View Poll Results: Which Finish Do You Like Better

25. You may not vote on this poll
  • Brush, with brass body and sterling silver bell

    16 64.00%
  • Brass with satin-gold lacquer

    6 24.00%
  • They are equal

    3 12.00%
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Thread: Adams Options

  1. #41
    Quote Originally Posted by mbrooke View Post may be my imagination, but there also seems to be a slight difference in the piano tone in the two recordings, with the B piano being a bit more mellow.
    The mic position and piano position did not change between takes, but Sara may have played slightly differently between takes. The A/B order is the way we played them, so perhaps she was more relaxed on the B take, having just played through the same excerpt once.
    Dave Werden (ASCAP)
    Euphonium Soloist, U.S. Coast Guard Band, retired
    Adams Artist (Adams E3)
    YouTube: dwerden
    Facebook: davewerden
    Twitter: davewerden
    Instagram: davewerdeneuphonium

  2. #42
    B does sound slightly darker to me, I'm not sure yet if that's good or not. I think perhaps some of the detail is getting swallowed up in the room based on the way it was mic'd.

  3. Its a bit difficult to hear differences between the 2.
    Id say B is a bit warmer, more mellow.

  4. #44
    Join Date
    Jun 2018
    Summerville (SC)
    Thank you so much David for the URL... Worked perfectly!

    Playing the clip on my laptop's internal speakers, the difference between the two horns was not terribly in evidence....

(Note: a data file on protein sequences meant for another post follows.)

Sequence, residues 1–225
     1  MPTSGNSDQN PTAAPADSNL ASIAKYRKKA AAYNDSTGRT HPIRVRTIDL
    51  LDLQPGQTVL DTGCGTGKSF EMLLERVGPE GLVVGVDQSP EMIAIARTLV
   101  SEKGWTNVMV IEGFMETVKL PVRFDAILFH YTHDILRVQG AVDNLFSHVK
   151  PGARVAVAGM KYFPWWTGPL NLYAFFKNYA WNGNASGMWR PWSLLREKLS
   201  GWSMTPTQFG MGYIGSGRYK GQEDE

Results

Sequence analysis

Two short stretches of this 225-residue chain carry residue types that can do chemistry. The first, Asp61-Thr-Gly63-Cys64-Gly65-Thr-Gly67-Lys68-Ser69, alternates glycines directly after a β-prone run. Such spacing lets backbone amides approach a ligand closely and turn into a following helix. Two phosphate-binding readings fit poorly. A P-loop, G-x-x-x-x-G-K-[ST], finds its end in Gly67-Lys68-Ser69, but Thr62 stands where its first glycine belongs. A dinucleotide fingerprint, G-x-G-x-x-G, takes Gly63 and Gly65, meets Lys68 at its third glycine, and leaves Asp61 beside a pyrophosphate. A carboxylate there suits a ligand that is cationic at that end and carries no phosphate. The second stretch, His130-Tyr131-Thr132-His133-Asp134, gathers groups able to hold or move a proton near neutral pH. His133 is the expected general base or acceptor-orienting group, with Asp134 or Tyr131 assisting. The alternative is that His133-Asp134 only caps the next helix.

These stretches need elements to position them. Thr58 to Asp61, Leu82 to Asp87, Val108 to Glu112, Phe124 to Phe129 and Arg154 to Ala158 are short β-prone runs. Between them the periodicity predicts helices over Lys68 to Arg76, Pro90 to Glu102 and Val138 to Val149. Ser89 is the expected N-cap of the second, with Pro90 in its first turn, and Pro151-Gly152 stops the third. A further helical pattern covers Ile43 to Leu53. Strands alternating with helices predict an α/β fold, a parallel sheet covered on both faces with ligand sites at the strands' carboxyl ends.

So I connected my HP Zbook to the stereo system via USB... And while both horns do sound great, my better half and I quickly developed a preference for Mr. B. Here are some of our joint mumblings....

    ** B speaks more easily and attacks are crisper.
    * B is more nimble/agile.
    * B has a more open tone, and simultaneously sound sweeter.
    * B is grander and more resonant.
    * B sounds more expressive, nuanced, emotionally intense, and lyrical.
    * When pushed, B actually seems to yield greater carrying power.

    Saluti, Guido

    PS. If anyone were curious, my active audio chain consisted of a Rowland Aeris DAC feeding a pair of Rowland M535 bridged amplifiers into Vienna Acoustics Die Muzik speakers. Power cords are Cardas Clear XL, balanced interconnects are Cardas Clear Reflection, and the USB cord is generic.
    Euph - Wessex EP104 Festivo - 4AL
    Flugel - Kanstul 1525
    Trpt - Adams A4 LB
    Bb Cornet -Carolbrass CCR-7772R-GSS
    Eb Cornet - Carolbrass CCR-7775-GSS

  5. #45
    Join Date
    Mar 2017
    Sacramento, CA area
    I too am joining the horn B bandwagon. The two sounded the same to me until Beauty and the Beast. Then horn B sound was a little deeper and a bit more like singing. And it kept those advantageous qualities into the final number. And by "deeper" I am not referring to lowness of pitch or frequency. Rather to tone quality. There was just a bit more to it in the bottom, and it was slightly nicer/more desirable to my ears.

    Another thing I liked was how horn B handled the sudden jump down to the lower range for a single, short note (happened a few times in the last piece). It sounded like it should, and like it came out of almost nowhere with little effort. Which I know actually takes some skill to pull off. On horn A, those same notes sounded like something of a "blat" and somewhat landed on with something heavy. Could this difference have come more from the player and their technique? Possibly. I know when I have a note that sounds "landed on" like that, it is usually more me than the horn. And sometimes that is the desired sound. This time, I am not familiar enough with the piece to say whether it was desirable or not. And I don't know if Dave was trying to adjust how those particular notes came out (musician's technique). Whatever made the difference, I noticed the better result from horn B.